What is Third-Party Sexual Harassment?
Third-party sexual harassment is harassment of an employee by someone other than another employee. Non-employees can include customers, clients, board members, shareholders, vendors, contractors, delivery people and service providers.
Harassing behavior from a third party, such as a customer, creates a hostile work environment when there is a pattern of behavior, the conduct is unwelcome and sexual in nature, and interferes with the target's ability to do their job. Here's an example:
Once & For All clip @ 2018-2023 Media Partners
Maybe Cassie was originally flattered by this customer's flirtation and even liked the fact that he and his friends tipped well. Perhaps Cassie even flirted back. None of that matters. Now that the flirting has gone beyond her comfort zone, Cassie has every right to speak up and stop it.
How to Handle Third-Party Sexual Harassment
Tips for EMPLOYEES
- Sexual conduct of any kind at work is always inappropriate.
- If the unwanted behavior is ongoing and interfering with your ability to do you job, it could be illegal hostile work environment sexual harassment.
- When a customer (or other third party) behaves in a way that offends you or makes you uncomfortable, you have every right to speak up and stop it. In situations like this, you can say something like, “It makes me feel uncomfortable when you talk to me that way. Let’s just stick to business.” Or “I know we’ve both flirted a little, but now I feel uncomfortable. I’d like to just focus on business."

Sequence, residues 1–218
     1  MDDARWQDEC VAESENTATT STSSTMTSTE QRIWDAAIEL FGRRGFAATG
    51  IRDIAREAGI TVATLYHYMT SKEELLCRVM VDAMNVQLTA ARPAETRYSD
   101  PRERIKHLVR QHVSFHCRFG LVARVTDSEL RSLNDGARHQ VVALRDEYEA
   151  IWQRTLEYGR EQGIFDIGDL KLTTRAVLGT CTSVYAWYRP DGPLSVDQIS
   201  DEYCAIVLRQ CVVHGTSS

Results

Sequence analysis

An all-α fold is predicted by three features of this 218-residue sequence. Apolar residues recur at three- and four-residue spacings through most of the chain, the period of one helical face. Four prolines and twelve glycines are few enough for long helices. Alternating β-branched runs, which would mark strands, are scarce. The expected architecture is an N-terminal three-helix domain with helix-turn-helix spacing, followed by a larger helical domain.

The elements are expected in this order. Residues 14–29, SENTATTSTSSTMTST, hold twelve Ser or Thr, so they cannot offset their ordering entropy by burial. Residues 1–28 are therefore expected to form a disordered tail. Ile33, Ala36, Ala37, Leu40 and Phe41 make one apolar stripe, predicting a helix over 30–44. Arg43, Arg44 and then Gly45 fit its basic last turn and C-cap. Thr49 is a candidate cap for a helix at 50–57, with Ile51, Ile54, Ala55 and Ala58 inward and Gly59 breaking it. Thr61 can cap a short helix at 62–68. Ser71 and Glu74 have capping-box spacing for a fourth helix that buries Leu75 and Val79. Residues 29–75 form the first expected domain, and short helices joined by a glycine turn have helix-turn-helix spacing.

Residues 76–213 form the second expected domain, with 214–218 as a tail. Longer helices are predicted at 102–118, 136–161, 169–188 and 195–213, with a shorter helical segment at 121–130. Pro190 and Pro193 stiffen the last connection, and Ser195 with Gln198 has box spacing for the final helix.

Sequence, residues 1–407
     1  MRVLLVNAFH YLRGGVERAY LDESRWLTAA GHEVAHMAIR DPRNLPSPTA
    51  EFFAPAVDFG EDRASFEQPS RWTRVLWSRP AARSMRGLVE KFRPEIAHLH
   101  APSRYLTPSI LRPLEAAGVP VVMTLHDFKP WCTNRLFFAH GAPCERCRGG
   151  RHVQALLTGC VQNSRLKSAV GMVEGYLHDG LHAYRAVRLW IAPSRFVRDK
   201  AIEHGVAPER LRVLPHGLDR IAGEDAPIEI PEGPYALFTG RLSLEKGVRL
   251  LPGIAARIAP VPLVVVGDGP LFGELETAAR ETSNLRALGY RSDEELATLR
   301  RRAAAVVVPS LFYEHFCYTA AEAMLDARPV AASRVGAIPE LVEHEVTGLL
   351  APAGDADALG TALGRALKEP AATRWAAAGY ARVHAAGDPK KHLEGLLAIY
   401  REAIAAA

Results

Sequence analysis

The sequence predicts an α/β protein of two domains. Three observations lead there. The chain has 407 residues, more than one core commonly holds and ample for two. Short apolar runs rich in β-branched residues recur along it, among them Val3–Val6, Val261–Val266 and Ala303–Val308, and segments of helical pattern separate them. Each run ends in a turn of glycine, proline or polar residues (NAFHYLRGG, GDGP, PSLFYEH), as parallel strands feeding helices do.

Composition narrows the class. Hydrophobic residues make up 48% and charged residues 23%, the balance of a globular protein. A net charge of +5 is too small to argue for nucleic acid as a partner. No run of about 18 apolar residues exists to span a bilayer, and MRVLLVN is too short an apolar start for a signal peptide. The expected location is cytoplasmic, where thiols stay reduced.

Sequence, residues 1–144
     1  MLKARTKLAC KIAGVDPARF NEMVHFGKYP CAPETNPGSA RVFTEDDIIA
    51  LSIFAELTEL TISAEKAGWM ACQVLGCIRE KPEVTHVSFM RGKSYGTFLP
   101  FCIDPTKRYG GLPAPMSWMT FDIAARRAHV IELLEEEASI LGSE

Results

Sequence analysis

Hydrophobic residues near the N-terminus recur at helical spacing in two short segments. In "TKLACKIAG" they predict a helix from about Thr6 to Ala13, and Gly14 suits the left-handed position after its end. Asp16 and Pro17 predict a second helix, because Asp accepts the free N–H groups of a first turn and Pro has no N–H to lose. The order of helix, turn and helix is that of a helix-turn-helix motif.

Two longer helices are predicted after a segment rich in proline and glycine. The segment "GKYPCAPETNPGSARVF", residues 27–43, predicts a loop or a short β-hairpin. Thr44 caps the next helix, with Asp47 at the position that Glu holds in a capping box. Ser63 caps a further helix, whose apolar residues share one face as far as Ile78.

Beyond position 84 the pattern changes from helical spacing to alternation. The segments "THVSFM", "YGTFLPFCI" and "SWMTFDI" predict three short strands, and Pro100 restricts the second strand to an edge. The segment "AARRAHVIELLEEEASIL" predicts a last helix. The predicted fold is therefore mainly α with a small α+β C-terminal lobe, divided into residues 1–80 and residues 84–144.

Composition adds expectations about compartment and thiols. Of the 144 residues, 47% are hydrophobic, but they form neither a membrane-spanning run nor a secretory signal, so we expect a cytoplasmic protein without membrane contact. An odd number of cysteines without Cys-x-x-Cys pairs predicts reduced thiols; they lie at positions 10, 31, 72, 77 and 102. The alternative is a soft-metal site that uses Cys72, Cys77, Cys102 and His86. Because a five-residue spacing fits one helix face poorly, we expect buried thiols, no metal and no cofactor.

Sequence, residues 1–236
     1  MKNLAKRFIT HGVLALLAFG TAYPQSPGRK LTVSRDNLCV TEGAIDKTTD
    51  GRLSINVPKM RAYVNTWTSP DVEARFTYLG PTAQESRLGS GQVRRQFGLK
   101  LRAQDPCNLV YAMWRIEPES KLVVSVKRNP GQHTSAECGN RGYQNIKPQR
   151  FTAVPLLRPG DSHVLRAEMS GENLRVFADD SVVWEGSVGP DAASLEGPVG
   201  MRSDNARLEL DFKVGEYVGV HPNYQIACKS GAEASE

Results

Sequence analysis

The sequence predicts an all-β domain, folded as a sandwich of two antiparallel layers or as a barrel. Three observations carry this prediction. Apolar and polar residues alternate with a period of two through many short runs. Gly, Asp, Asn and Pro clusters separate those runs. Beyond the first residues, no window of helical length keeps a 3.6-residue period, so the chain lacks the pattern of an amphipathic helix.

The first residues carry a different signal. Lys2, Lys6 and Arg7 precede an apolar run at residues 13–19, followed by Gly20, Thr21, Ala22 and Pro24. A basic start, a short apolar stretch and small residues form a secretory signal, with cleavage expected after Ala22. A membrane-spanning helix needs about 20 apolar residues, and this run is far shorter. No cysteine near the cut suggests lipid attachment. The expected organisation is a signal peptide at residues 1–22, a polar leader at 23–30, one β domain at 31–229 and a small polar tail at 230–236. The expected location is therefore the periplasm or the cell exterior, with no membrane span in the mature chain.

- If you are uncomfortable speaking to the customer directly, or the misconduct continues, ask your manager, or HR, for help. By law, your employer is legally obligated to protect you from third-party sexual harassment.
Tips for MANAGERS
- Your organization is legally obligated to protect all employees from third-party sexual harassment.
- As a manager, you are the front line when it comes to protecting your employees. The flirting or inappropriate behavior of the third party may have started out harmless, but if your employee has said “no,” then the behavior needs to stop. Anything less than that could create a hostile work environment and be grounds for a sexual harassment claim.
- Maintain good relations with the third pary, but be respectful, direct and firm. Say something like, “I need you to stop asking Cassie out. She is not interested, and since she works for me, I am obligated to make sure it stops.
- "Inform HR of your conversation and reassure Cassie that if the behavior continues, she should let you know.